In a 6-2 decision today, the U.S. Supreme Court upheld Michigan’s affirmative action ban, ruling that Michigan voters had the right to change their state constitution in order to stop public colleges and universities from using race as a factor in the admissions process.
Justice Anthony Kennedy wrote for the majority, saying that “This case is not about how the debate about racial preferences should be resolved. It is about who may resolve it.” (Italics mine.) He was joined in the decision by Chief Justice John Roberts, along with Justices Stephen Breyer, Samuel Alito, Antonin Scalia, and Clarence Thomas.
Dissenting were Justices Ruth Bader Ginsberg and Sonia Sotomayor. Justice Sotomayor penned a 58 page opinion, which she read aloud in the courtroom, saying that the decision tramples on the rights of minorities. “But without checks,” she said, “democratically approved legislation can oppress minority groups.” Justice Elena Kagan recused herself from the case due to having worked on it earlier while serving in the Justice Department.
I’m under no illusion that minority groups as a whole throughout the nation will welcome this decision – they likely won’t. But they should, in my opinion. Affirmative action should be an affront to them, because it’s tantamount to saying that blacks and other minorities are incompetent. They just can’t quite get into a university on their own merits, or they don’t quite qualify for a job based on their own skills or knowledge. They don’t quite… I could go on and on, but you get the point – they need a little help from the lawmakers to ensure they are not only not discriminated against, but are instead guaranteed a number of slots in the admissions process because they’re not capable of achieving it on their own. The problem with that sort of skewed reasoning is that we all know nothing could be further from the truth.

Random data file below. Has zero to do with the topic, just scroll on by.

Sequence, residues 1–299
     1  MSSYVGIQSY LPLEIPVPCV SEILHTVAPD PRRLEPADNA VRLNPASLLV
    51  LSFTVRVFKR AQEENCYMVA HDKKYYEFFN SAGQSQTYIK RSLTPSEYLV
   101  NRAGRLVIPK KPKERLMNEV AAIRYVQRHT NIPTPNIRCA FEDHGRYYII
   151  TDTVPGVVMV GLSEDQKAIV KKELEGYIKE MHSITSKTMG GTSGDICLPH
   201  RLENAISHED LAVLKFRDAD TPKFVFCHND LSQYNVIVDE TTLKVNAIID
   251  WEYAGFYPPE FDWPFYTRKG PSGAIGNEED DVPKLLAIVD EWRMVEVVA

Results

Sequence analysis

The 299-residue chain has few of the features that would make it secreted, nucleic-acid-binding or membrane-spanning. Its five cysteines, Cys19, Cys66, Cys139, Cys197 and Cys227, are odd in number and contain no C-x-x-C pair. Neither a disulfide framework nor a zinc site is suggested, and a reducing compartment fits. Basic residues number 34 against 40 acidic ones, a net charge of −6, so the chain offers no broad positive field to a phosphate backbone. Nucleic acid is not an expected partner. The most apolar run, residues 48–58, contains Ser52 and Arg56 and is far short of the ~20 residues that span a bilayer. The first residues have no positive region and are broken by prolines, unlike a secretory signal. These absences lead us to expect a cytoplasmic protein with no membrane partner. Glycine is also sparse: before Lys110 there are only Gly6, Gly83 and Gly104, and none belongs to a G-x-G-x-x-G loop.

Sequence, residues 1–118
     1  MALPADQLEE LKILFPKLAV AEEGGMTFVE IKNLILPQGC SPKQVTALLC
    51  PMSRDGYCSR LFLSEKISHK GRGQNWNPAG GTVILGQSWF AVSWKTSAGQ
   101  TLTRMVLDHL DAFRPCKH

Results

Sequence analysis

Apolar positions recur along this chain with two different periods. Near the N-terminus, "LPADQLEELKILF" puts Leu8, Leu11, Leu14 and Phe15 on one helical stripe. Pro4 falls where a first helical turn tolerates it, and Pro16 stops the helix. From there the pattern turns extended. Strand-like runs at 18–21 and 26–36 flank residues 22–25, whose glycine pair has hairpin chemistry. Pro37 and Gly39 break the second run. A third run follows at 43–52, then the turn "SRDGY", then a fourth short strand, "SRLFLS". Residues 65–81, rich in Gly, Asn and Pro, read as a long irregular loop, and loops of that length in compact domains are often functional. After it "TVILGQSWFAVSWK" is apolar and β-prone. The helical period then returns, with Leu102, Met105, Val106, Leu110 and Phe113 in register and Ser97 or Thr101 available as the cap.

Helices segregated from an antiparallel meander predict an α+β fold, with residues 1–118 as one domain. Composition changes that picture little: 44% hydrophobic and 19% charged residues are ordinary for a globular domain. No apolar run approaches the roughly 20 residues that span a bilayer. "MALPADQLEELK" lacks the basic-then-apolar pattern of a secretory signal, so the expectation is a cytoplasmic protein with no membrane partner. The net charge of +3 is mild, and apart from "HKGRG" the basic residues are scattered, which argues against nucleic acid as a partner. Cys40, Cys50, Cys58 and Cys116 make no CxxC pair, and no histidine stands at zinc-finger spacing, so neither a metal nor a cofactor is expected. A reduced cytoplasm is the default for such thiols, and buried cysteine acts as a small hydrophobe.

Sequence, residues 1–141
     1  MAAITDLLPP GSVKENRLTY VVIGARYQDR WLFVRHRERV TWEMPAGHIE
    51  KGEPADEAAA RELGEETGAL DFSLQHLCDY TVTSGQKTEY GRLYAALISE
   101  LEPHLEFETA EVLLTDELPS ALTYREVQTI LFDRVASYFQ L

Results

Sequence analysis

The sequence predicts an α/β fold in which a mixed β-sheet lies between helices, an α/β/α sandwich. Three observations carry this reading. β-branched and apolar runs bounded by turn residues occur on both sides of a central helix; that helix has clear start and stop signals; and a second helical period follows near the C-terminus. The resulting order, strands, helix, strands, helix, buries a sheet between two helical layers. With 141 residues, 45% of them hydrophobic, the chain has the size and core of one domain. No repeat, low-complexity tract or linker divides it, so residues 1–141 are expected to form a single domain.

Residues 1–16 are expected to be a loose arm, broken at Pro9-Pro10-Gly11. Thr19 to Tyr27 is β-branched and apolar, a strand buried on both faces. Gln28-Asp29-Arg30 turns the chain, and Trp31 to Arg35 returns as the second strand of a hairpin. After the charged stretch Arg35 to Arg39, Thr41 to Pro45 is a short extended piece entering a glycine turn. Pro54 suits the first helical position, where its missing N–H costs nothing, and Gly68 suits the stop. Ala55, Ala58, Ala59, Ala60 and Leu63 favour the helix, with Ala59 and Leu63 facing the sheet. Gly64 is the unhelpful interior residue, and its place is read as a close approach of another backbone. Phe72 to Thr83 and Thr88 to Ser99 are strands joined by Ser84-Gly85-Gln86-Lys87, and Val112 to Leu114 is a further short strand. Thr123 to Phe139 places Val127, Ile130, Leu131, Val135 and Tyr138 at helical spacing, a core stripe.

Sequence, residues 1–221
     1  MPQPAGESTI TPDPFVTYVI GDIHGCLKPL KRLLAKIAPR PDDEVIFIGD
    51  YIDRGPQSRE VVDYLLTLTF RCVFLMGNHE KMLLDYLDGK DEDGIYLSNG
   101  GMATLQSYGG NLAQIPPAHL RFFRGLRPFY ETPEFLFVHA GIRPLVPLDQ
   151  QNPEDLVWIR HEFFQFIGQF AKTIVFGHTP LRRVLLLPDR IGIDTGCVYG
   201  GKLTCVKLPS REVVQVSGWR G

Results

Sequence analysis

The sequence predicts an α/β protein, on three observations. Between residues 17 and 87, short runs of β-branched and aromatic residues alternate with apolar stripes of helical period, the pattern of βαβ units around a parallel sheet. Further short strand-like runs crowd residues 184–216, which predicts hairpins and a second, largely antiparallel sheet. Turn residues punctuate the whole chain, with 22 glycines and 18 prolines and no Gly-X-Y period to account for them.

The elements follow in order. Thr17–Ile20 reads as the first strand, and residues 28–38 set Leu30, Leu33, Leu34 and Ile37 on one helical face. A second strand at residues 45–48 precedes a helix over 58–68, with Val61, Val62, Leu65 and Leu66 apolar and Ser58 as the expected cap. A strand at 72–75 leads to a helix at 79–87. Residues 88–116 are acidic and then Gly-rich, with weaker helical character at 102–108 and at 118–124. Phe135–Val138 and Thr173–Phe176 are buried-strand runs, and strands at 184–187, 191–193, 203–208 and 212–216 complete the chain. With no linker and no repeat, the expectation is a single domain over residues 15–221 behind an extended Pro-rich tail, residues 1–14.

Under the guise of helping minorities, affirmative action has in fact demeaned them, and they should be insulted by it. In fact, they should be seething about it. There is nothing wrong with equal opportunity laws; on the contrary, they are good and necessary, but affirmative action demands that racial quotas be filled. And those very quotas can prevent a young high school graduate who has worked hard to get the best grades and has gained additional qualifications from gaining admittance to a university. Why? Because he or she isn’t a minority. Affirmative action policies, whether or not they are meant to, only serve to promote mediocrity – not the excellence one expects from a university environment.
Therefore, I applaud the Supreme Court’s announcement today. It’s good for Michigan, and it could be good for the rest of the country if more states will enact similar legislation.